Minneapolis City Council approves extra police funding amid crime surge, after defunding department

The city council had said they would defund and dismantle the police department over the summer.

Published: November 13, 2020 1:31pm

Updated: November 16, 2020 5:13pm

The Minneapolis City Council voted Friday to approve an additional $496,800 for the city's police department to help with the recent crime surge, which has grown after the city took away nearly $1 million over the summer during the "defund the police" wave. 

After the May 25 death of George Floyd in Minneapolis police custody sparked weeks of riots, the City Council cut police funding and reallocate it to "violence interpreters" through the health department. The council also voted to dismantle the department and replace it with a community-based public-safety system.

Several months later, Police Chief Medaria Arradondo has said violent crime is up more than 20% compared to last year and 40% compared to two years ago. The police department is prepared to undergo a proposed budget cut of about $12 million and many officers are retiring or leaving the city's department.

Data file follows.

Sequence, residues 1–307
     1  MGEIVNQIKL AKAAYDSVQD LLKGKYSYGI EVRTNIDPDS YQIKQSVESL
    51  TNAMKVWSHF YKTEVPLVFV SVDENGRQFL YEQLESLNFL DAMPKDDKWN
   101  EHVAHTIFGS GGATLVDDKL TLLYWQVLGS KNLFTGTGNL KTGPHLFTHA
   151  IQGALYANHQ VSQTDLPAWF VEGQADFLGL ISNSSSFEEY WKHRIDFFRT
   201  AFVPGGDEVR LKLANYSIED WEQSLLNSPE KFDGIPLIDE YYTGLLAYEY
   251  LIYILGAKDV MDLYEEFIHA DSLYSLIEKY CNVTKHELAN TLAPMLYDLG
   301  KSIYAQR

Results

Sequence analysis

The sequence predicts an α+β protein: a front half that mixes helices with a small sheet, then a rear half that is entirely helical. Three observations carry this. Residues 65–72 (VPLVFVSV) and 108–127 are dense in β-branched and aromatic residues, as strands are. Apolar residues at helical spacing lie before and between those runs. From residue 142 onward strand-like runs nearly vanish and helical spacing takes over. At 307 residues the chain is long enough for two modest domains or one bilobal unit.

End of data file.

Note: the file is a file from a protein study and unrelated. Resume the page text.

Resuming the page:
“Our resources are hemorrhaging,” Arradondo said to members of the city council during a committee meeting Tuesday. “Our city is bleeding at this moment. I'm trying to do all I can to stop that bleeding and I'm hoping that having the funds to launch a citywide joint enforcement team initiative we can try to stop the bleeding in our city."

The vote Friday passed 7-6 vote, which will allow for the allocation of the $496,800 to cover the cost of creating a Joint Enforcement Team pulling in officers from the Hennepin County Sheriff’s Office and Metro Transit Police to temporarily assist Minnesota police with violent crimes through the end of the year. 

“Today we sent a clear signal that we will support Chief Arradondo and that we are ready to work collaboratively with our law enforcement partners and neighboring jurisdictions while continuing to implement concrete, transformative public safety measures," Mayor Jacob Frey said about the decision. 

The decision comes just before budget committee meetings that will start Monday. 

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